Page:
3/4 Guitar vs Full-Size (Key Differences & Selection Tips)

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  • If you thought 3/4 guitars were only for children… think again!
  • Discover if it’s easier to use 3/4 guitars
  • Find out who uses 3/4 guitars
  • And how guitar sizes influence the sound of the instrument

Purchasing an instrument that fits the player can make or break one’s experience, especially in the case of beginner guitars.

Nothing will stop a budding guitarist dead in their tracks faster than an instrument that is uncomfortable to play, sending many a six-string to the back of the closet to gather dust.

Fortunately, guitar manufacturers are well aware of this, and as a result, the market is abundant with a plethora of guitar types adopting various shapes, and sizes.

While this provides an immediate solution, it can also breed confusion about what size instrument is appropriate for you.

In this article, we’ll go over the differences between 3/4 and full-size guitars, so you can make a more informed buying decision before you part with your hard-earned cash.

Key Differences: 3/4 vs Full-Size Guitars

The immediate and most notable difference between a 3/4 size and full-size guitar can be attributed to guitar scale length. The scale length of a guitar is determined by measuring the distance between the nut and the bridge saddles.

  • Full-sized guitars will have a scale length that is longer than 24 inches whereas a 3/4 guitar will have a scale length between 20 and 24 inches.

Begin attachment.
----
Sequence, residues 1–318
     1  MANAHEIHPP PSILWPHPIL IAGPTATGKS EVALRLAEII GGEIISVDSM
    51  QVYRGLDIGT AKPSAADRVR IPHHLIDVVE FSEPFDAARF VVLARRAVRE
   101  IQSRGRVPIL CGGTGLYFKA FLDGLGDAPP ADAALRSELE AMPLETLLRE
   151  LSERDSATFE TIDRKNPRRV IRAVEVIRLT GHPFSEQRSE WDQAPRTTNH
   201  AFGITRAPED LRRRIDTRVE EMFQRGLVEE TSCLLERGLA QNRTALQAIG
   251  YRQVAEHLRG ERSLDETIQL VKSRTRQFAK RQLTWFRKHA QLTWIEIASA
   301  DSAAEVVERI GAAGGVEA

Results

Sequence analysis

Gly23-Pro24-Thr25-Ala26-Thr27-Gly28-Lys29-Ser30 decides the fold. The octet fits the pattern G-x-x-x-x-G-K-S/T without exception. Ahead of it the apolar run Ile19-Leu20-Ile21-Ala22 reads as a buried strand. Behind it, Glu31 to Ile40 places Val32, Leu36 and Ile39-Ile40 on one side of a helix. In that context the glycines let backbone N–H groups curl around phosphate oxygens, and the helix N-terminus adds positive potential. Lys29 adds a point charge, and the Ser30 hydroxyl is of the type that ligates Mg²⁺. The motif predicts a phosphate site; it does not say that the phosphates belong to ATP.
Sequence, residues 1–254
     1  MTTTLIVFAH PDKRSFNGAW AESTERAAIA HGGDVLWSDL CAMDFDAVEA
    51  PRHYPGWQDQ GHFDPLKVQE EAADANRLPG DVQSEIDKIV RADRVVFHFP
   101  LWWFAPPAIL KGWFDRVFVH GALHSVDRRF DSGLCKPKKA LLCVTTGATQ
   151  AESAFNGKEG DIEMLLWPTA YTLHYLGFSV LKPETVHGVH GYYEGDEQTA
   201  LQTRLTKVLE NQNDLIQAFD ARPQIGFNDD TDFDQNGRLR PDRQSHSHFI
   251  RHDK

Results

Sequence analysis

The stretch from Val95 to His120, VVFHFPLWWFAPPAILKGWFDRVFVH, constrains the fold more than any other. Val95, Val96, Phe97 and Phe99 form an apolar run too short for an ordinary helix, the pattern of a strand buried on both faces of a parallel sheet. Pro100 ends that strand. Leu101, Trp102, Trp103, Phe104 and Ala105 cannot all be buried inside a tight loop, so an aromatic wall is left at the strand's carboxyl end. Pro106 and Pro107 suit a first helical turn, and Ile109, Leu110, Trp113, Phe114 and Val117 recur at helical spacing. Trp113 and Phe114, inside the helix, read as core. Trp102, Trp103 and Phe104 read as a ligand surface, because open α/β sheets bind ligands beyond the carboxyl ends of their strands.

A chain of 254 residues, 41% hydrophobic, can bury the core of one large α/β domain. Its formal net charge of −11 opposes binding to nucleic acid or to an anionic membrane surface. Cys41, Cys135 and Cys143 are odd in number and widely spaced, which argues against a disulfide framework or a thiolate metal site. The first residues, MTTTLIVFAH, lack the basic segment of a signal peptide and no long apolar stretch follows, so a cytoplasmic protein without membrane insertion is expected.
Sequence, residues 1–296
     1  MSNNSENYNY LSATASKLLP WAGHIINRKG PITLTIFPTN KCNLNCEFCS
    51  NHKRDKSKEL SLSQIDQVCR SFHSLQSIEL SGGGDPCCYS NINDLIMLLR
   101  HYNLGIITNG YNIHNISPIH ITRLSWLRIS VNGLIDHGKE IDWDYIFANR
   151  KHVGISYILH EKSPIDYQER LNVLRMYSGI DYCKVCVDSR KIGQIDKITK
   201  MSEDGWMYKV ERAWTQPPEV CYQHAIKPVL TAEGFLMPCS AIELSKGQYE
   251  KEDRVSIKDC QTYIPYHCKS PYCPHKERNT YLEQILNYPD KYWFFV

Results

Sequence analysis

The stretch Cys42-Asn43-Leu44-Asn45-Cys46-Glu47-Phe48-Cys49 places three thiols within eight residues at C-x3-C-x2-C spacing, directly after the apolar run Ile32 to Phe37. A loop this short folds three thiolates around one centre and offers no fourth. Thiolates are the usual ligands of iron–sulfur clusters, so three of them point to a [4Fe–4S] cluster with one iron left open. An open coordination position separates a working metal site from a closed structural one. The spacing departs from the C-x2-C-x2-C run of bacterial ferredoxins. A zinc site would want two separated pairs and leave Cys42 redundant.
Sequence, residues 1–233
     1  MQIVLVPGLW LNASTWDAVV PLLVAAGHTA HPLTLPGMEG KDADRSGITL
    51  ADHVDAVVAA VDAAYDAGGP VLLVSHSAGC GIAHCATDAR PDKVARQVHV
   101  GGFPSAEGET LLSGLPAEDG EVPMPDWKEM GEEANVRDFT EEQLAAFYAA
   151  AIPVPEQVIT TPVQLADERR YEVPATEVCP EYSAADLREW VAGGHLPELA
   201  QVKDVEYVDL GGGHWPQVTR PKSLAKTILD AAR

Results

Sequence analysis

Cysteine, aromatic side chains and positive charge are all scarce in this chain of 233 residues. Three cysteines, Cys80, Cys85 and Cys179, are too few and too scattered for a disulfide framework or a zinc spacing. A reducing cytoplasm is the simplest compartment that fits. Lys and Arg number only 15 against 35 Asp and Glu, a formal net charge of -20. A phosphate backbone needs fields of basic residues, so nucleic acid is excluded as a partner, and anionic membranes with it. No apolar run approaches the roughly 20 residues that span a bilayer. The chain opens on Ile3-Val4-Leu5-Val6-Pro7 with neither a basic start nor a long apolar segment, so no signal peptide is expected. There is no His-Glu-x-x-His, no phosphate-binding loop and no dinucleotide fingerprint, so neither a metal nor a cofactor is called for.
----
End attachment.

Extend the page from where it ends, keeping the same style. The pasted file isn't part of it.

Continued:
Guitar scale length will directly influence how a guitar feels to play as string length will influence how much string tension is present while playing.

The shorter scale of a 3/4 guitar will result in a lighter, slinkier feel making it easier to fret and pull the guitar strings.

In addition to this, the shorter scale will lead to the distance between frets being shorter, resulting in a more effortless playing experience for those with smaller hands and shorter fingers.

Unfortunately, a downside of the short scale of a 3/4 scale lies in how this may affect the instrument’s ability to hold tune.

The good news is that this phenomenon can be combatted by utilizing various gauges of guitar strings while setting up the guitar for peak performance.

The longer string distance on a full-size guitar will result in more tension on the strings and further distance between the frets.

Inherently this will lead to players with larger hands feeling less cramped than they would on a 3/4 size guitar, enabling ease of motion for the player’s fretting hand.

Besides scale length, another factor that will differ between full-size electric and acoustic guitars and their 3/4 variants will relate directly to the body size of either instrument.

Usually, a 3/4 guitar will feature a body size of 36×13 inches, while a full-size guitar will be 40×15 inches.

This difference in size will immediately impact how the instrument feels in the lap of the player and also how it will hang from a strap while standing.

It is also worth mentioning that the size of the body will have an influence on the sound of the guitar.

This is especially true when talking about the tone of a full-size acoustic guitar, as the hollow body of an acoustic guitar will determine the depth of the instrument’s sound and how far the sound is projected from the soundhole.

A full-size acoustic guitar will have a noticeably fuller tone than a 3/4 guitar, which will sound inherently brighter.

This applies more to the nature of acoustic instruments but may also be noticed by some on electric guitars.

Guitar Size Considerations

Just like the guitars, players come in all shapes and sizes, so it is needless to say that someone with smaller hands, such as a child, will benefit greatly from a 3/4 size guitar.